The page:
Taxes are the so-called lifeblood of the government. The government needs to collect taxes to continue to provide the services that they are obliged to give to their constituents. Taxes then are necessary business expenses. In most jurisdictions in the world, taxes are overhead expenses that must be paid otherwise the business cannot operate. The inability of a business to pay taxes as they come due is also an indicator that your company is low on cash and could likely be insolvent.
In July 2018, the Australian Tax Office launched a pilot program giving review services for small businesses tax audits. The goal of the program is to give an early and fair resolution of disputes against small business tax audits as savings in taxes can also help with a business improve its cash flow. The ATO announced in early April that the pilot program will be extended until December of this year due to the number of small businesses who have availed of the services.
The independent review service for small business tax audits includes disputes on the following:
- income tax
- goods and services tax (GST)
- luxury car tax (LCT)
- wine equalisation tax (WET)
- fuel tax credits (FTC)
How the Small Business Tax Audits are Conducted
The program is composed of two steps:
Step 1: The first step is called the position paper review where an audit team will review the ATO’s small business tax audit. The small business will be given a chance to respond to this review.
Step 2: The second step is the independent review where an independent technical officer will consider the small business’s response and points of disagreement and make a recommendation for the appropriate outcome. Throughout the independent review process, which can last about 45 days from the filing of an independent review request, the small business can participate and introduce new facts, evidence, and arguments that were not raised during the tax audits. The ATO will make changes to the small business tax audit based on the recommendation of the independent technical officer.
A case officer will contact eligible small businesses with tax audits in progress before issuing assessments. The businesses will then be offered the opportunity to participate in the extended pilot.
According to ATO deputy commissioner Scott Treatt, small businesses can expect an independent officer from outside its audit area to review the facts and technical merits of the ATO’s audit position.
The most common issues that small businesses have asked for a review into to date includes omitted cash income, usually due to inadequate record keeping; administrative penalties; deductibility of business expenses; and characterisation of payments to related individuals.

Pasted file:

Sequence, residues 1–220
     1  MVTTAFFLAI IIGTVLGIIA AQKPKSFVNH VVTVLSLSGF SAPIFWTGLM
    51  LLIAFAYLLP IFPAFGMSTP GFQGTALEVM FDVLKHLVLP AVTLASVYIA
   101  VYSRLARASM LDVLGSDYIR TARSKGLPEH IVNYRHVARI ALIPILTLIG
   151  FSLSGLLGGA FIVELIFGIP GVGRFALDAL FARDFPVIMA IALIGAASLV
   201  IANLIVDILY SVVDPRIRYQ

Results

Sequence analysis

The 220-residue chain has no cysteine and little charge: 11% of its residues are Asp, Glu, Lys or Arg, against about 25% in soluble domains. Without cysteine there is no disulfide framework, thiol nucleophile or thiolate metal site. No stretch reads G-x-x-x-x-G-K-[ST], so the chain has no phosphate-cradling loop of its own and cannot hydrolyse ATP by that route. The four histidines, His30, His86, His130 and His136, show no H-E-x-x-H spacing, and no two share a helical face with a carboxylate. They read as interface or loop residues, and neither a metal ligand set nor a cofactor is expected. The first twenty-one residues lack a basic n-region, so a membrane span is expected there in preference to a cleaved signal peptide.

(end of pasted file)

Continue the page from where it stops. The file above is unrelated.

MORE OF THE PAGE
Disputes over superannuation, fringe benefits tax, fraud and evasion findings, and interest will not be considered by the independent review service at this stage, according to the ATO.
“Pleasingly, we’ve only received two objections from businesses that have been through our independent review pilot since it launched on 1 July 2018. This result demonstrates that our pilot program is working as intended for small business in that it’s helping to resolve disputes before matters reaching objection.”Scott Treatt, ATO deputy commissioner
More details on the review process, including how to request an independent review, who are eligible in the pilot program, and when the independent review is not available can be found at the ATO’s website
The ATO noted that not all small businesses will be eligible for an independent review. Nevertheless, this ineligibility does not deprive them of the right to dispute and object to the ATO’s audit. Other dispute options include objecting to any amended assessments and notices, which objections will be dealt with by the ATO’s Review and Dispute Resolution area. The ATO also has an in-house facilitation service that assists businesses in resolving their disputes.
As an alternative to the independent review, ATO also suggested raising concerns with the Inspector General of Taxation relating to administrative actions taken by the ATO or the Tax Practitioners Board. The Australian Small Business and Family Enterprise Ombudsman (ASBFEO) can also assist and provide general information on how to resolve a dispute, facilitate discussions between business and the ATO. They can provide access to external alternative dispute resolution (ADR) services or refer you to another Commonwealth, state or territory agency who can more appropriately deal with the matter.